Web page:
Costs and Benefits of Moving a Program

Programs may be moved from one administrative home to another for reasons other than the pursuit of budgetary savings. Indeed, the four Cabinet departments created since the 1970s—Energy in 1977, Education in 1980, Veterans Affairs in 1989, and Homeland Security in 2002—were formed primarily to facilitate coordination and communication within the government or to provide greater prominence to certain activities or policy areas.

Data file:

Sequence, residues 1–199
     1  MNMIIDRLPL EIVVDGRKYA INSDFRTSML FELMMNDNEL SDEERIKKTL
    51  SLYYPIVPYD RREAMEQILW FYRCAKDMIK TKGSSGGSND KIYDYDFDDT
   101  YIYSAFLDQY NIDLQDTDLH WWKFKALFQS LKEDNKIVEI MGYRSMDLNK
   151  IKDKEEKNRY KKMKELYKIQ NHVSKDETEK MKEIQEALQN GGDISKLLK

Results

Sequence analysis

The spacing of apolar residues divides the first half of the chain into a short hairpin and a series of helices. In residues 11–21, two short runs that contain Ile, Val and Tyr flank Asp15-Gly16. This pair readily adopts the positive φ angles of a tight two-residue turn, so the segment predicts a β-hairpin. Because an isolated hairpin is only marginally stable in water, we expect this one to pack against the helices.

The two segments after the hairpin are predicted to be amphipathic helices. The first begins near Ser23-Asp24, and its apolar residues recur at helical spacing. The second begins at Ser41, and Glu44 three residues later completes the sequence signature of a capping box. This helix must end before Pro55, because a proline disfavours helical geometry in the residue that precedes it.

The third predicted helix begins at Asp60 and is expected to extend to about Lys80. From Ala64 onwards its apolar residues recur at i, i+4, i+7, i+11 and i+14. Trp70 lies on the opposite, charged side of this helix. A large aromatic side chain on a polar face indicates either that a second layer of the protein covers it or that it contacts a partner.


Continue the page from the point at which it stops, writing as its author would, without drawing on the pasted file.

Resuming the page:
Whatever policymakers’ motivations for moving a program, doing so would probably entail significant transition costs in the short run and might increase or decrease costs in the long run. The transition costs would include physical moving expenses, rental payments on offices at two locations until the lease on the original space expired, and costs to integrate administrative systems for acquisitions, asset management, human resources, budgeting and planning, and financial management. Costs that are less visible in budgets could be incurred as well; moving could disrupt an agency’s operations, for instance, or lead to conflicts and coordination problems because of differences in organizational culture. The creation of the Department of Homeland Security serves as an example of the challenges that arise from integrating many existing governmental units. Ten years after the department’s creation, a former commandant of the Coast Guard (which had been transferred from the Transportation Department to DHS) noted that budget presentations by various departmental agencies reflected the different appropriation structures that they had used before the department existed, making it “difficult to clearly differentiate, for example, between personnel costs, operations and maintenance costs, information technology costs, and capital investment.”